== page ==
As the discouraging economic climate continues to wreak havoc throughout the meat complex, conditions seem to be especially vengeful in Texas. In particular, cattle feedlots in the state are enduring, in the words of Don Close, market director for the Texas Cattle Feeder’s Association, "as difficult a period over the past 18 months as they’ve ever had."

Among the approximately 150-200 feedlots operating at any given time in Texas, it’s the mid-tier lots, with 20,000-30,000 head on feed, that seem to be bearing the brunt of the punishment. Smaller lots tend to be operated by family members, noted TCFA, so labor costs aren’t as high, and the largest lots still have an economy of scale working in their favor.

Rumors are beginning to circulate that the cattle business might actually make a little money before the end of the year, however. Feed and other input costs have gone down, and fuel has remained relatively steady. A return to profitability from a period when feeders lost $50-$150 per head would be good news not just for the industry for also for Texas bankers, who have pulled back on financing the cattle industry due to the losses. According to several media reports, as banks have backed away an increasing number of feedlots in the state have gone up for sale – one cattleman estimated that 20% of the lots in Texas are now on the market.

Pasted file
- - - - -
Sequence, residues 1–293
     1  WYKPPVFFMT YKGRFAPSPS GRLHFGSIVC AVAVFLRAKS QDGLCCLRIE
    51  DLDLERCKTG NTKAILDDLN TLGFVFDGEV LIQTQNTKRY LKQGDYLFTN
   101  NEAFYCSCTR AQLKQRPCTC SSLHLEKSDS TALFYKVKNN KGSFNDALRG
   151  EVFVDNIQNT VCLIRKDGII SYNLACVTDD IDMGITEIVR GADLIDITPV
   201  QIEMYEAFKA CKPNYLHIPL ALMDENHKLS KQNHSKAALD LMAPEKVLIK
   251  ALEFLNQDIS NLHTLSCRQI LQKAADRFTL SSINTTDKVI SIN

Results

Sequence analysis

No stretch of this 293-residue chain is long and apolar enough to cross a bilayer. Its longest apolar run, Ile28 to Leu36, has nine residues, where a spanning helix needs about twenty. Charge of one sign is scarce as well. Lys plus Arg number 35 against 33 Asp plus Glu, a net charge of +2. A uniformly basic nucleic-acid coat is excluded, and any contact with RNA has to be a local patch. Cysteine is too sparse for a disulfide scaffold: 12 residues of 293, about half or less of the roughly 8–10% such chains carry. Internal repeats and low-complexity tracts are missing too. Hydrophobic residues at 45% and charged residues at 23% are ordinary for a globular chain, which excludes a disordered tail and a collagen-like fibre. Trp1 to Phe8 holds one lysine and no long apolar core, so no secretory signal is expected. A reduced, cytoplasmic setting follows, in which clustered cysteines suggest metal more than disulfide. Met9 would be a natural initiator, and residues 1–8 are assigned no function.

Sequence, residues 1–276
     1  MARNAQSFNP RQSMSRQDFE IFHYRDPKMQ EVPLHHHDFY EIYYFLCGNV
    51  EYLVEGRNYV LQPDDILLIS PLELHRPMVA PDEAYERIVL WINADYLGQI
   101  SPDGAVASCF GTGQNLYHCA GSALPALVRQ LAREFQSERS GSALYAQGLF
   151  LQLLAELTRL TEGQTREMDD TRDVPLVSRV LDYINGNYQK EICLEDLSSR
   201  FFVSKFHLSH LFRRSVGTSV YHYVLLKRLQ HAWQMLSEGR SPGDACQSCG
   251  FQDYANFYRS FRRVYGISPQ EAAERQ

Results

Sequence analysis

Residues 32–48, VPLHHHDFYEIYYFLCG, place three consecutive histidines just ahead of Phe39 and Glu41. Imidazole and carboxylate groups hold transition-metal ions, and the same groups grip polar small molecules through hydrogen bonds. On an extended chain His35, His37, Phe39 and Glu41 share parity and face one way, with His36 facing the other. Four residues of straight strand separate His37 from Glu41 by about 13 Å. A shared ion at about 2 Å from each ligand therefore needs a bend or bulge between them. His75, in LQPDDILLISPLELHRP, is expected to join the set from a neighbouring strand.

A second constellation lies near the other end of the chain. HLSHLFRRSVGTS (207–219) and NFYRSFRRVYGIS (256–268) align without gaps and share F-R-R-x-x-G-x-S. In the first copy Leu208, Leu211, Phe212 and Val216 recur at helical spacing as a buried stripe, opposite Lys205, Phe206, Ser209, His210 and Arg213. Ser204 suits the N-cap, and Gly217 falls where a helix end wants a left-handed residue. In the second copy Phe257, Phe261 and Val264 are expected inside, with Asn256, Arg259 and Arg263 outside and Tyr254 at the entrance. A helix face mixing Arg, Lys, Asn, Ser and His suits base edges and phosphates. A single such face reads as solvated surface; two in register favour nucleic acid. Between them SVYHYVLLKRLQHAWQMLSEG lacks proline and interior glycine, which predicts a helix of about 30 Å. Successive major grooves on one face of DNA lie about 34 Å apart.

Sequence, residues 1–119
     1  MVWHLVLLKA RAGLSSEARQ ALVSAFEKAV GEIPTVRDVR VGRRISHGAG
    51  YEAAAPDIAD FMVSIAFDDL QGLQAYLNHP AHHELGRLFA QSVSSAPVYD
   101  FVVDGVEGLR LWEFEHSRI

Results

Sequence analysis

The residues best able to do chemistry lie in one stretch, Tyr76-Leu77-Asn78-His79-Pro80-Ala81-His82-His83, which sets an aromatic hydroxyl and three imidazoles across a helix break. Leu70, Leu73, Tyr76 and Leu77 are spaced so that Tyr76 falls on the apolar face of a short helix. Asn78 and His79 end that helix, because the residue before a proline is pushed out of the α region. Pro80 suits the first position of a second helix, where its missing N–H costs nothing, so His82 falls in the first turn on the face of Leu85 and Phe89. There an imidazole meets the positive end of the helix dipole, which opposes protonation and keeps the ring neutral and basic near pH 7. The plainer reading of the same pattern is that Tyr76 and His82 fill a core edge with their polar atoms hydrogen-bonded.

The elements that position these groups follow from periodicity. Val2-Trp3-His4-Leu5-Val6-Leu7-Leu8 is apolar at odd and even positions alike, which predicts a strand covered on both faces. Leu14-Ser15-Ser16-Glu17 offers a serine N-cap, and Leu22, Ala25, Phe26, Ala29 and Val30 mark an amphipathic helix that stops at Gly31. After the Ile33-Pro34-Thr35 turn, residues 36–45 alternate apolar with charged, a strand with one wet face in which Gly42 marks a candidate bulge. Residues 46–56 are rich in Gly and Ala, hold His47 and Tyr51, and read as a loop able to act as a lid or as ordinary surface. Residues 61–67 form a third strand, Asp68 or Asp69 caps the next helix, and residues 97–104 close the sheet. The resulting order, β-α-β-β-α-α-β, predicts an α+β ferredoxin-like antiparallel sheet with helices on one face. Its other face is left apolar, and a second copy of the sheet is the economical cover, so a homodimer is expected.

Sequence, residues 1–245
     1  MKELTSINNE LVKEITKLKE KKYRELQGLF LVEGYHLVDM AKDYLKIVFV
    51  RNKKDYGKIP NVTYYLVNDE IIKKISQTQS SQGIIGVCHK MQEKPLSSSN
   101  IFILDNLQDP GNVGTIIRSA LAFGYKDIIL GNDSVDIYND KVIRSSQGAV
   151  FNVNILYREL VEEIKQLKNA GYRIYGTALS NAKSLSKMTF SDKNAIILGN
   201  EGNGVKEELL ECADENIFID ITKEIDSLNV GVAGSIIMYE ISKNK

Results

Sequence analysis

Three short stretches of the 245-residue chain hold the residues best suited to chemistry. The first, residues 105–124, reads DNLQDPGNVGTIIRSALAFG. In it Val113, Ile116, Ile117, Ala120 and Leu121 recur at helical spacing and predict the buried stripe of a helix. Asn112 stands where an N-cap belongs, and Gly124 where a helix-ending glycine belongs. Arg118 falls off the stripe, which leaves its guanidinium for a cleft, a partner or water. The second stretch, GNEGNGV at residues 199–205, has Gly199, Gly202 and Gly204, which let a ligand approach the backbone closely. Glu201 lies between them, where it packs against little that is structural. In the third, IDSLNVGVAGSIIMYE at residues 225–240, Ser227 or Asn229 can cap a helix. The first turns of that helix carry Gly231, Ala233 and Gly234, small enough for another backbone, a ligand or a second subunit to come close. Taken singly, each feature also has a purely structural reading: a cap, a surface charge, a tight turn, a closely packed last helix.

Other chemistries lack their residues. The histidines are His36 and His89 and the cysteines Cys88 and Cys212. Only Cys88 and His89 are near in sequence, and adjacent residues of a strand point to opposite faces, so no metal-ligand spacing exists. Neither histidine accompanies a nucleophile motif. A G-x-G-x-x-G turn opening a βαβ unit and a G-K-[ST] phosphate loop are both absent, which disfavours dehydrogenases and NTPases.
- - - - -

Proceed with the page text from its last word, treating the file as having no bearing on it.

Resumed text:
If an improvement in the U.S. and global economy doesn’t spur a turnaround for Texas cattlemen, perhaps a continuing drop in numbers might. This year’s calf crop was the smallest since 1999, and presently there are the fewest cattle on feed in 10 years.

"It has been a cyclical industry since the beginning of time and will continue to be," Close told "That said, there’s excess capacity in feedyards and with the packers right now, and when we come out of this thing there will need to be some reductions in that capacity."